Consolidation of Learning
In addition to investigations of the neural mechanisms that allow for learning, we have conducted research studying mechanisms involved in the stabilization and consolidation of learning. In this series of studies we investigate if perceptual learning of a given stimulus feature can be disrupted by subsequent training with a different visual feature. We have so far demonstrated that perceptual learning of a hyperacuity stimulus can be disrupted when a second hyperacuity stimulus is learned, although a delay of an hour or more between the training sessions will ameliorate the effects of disruption. This interference is highly specific to particular features of the second hyperacuity stimulus and only occurs when retinotopic location and stimulus orientations of the two trained stimuli are matched (Seitz et al, 2005b, PNAS ).
Another important line of research is regarding how multisensory interactions can be learned and play a role in learning. This research is in light of accumulating reports of crossmodal interactions in various settings, which show that interactions between modalities are the rule rather than the exception in human processing of sensory information. In fact our first investigation with a multisensory learning paradigm revealed that the presence of auditory features facilitated the learning of visual features (Seitz, Kim & Shams, 2006, Current Biology). We are following up on this early investigation to better understand what types of multisensory interactions are most productive to learning and how new multisensory associations can be learned. To investigate multisensory associations, we are using techniques of statistical learning, a fast learning paradigm where new associations develop after only a few minutes of exposure. Initial results indicate that unisensory auditory or visual associations can develop in parallel and independently of multisensory associations (Seitz et al., 2007, Perception).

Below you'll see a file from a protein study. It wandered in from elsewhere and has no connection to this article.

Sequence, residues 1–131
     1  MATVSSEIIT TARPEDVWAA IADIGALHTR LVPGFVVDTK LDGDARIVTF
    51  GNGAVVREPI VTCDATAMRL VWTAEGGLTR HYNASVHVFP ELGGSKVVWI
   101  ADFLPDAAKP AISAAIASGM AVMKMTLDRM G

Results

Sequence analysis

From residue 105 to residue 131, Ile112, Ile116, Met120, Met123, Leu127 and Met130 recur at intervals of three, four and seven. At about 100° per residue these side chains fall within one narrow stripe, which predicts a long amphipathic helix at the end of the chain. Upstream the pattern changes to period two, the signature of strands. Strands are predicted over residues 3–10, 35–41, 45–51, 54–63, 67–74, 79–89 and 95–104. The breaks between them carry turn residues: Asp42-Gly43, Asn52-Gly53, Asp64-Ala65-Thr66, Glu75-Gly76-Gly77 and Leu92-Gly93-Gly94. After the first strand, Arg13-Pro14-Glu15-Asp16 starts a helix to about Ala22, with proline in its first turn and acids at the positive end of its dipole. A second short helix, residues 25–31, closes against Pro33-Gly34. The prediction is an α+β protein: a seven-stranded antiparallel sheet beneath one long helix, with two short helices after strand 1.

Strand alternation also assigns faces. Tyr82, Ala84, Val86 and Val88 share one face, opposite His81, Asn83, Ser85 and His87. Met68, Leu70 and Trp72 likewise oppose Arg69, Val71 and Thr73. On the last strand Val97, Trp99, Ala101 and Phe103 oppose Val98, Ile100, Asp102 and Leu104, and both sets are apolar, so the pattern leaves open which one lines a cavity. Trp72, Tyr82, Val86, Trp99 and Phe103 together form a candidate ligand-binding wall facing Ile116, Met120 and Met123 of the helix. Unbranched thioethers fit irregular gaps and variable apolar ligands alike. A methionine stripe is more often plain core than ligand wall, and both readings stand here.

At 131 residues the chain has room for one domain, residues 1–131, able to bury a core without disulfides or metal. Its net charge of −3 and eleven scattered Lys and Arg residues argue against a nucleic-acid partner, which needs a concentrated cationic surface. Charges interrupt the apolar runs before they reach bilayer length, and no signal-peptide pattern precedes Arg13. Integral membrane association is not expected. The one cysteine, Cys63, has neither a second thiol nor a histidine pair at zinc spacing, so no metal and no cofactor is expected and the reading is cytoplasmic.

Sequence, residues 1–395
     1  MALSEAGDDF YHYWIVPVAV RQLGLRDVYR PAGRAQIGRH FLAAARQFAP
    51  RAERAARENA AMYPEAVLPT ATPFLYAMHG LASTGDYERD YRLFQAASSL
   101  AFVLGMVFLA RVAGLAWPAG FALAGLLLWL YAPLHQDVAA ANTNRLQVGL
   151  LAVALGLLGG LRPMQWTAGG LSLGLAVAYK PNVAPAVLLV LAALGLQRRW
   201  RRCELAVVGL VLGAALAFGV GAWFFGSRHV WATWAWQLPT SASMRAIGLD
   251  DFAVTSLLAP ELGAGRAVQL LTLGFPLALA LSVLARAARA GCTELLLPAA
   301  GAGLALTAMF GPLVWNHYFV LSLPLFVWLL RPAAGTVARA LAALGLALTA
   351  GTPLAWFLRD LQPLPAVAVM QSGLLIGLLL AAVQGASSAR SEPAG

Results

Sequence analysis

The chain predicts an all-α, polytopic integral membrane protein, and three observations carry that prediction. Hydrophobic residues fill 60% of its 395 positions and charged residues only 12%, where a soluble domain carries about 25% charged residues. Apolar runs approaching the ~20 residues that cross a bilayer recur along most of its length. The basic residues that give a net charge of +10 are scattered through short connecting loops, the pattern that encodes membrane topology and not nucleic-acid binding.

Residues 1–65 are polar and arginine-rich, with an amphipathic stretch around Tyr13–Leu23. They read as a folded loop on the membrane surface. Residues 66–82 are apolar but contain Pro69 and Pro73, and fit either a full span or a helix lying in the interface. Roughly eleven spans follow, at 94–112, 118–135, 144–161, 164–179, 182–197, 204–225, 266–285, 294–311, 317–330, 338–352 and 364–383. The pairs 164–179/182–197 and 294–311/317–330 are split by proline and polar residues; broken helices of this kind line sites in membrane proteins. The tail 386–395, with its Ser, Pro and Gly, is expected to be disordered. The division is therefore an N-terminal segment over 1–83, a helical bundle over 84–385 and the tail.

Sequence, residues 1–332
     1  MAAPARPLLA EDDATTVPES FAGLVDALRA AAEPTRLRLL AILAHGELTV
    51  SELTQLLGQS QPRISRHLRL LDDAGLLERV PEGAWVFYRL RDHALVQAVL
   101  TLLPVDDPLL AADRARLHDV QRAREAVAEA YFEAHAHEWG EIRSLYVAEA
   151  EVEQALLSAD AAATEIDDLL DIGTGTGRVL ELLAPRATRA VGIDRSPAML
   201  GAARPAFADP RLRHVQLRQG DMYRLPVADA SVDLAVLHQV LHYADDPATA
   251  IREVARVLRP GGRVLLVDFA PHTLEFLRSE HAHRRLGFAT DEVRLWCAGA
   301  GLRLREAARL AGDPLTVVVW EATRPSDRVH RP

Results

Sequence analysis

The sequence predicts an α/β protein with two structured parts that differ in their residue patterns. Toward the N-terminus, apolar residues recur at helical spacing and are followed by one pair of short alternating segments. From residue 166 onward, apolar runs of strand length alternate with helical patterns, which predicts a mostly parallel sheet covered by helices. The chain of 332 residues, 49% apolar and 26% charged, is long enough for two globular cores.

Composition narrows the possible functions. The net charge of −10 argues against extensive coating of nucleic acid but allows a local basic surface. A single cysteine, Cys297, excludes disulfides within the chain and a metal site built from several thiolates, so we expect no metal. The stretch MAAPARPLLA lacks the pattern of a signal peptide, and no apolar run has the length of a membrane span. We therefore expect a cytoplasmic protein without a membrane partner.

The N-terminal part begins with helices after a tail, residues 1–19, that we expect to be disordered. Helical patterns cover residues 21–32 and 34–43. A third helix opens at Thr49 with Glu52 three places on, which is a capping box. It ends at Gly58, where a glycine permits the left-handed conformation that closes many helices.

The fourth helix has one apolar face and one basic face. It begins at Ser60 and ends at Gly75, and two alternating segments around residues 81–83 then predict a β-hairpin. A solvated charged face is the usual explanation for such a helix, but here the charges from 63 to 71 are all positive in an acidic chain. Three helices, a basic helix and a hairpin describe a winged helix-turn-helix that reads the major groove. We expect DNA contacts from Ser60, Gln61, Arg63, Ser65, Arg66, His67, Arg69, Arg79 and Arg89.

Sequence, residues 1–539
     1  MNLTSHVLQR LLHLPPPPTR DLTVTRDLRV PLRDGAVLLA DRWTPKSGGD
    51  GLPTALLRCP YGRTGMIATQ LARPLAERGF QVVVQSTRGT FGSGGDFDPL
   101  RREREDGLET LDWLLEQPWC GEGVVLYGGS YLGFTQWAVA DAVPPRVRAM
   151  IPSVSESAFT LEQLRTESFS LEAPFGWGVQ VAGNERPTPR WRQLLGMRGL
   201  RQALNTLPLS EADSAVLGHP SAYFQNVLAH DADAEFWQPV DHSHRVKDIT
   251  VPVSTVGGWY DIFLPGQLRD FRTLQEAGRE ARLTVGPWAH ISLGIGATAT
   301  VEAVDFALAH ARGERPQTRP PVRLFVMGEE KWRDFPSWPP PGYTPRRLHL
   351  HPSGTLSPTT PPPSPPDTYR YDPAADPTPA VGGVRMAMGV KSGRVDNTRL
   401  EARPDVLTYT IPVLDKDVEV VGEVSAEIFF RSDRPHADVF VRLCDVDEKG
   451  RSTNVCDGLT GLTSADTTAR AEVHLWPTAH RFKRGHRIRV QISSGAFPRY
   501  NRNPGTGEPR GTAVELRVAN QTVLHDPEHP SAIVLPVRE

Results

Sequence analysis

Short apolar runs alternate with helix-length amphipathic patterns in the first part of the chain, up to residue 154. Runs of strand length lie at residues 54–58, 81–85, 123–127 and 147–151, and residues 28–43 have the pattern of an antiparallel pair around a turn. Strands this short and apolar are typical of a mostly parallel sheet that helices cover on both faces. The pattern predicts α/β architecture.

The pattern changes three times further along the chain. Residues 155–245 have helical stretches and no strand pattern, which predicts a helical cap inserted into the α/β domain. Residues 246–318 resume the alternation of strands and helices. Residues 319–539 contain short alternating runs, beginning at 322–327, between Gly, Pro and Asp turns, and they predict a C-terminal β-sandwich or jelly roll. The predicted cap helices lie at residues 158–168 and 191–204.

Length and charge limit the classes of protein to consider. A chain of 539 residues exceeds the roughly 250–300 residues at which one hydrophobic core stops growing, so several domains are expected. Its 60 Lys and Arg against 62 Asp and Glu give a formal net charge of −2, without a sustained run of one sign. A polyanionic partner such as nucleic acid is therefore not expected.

This research is focused on combining elements of molecular biology, anatomy, physiology, and other aspects of developmental neuroscience into a computational model of how the cortex develops. My goal is to create a framework by which an arbitrary brain area can develop by modeling the nature of its spontaneous inputs, sequential order of laminar development, order of the development of different brain regions, and activity- dependant learning laws. The hypothesis is that much of the cortex is similar early in development and that differences in the input drive area specialization (protomap). Aspects of innate cortical specification (protocortex) are modeled as different initial states, learning laws, etc., without the necessity of large-scale hand-wiring. A core issue in my present project is to understand how the subplate helps to coordinate development within multiple cortical layers, so that they form consistent receptive field profiles.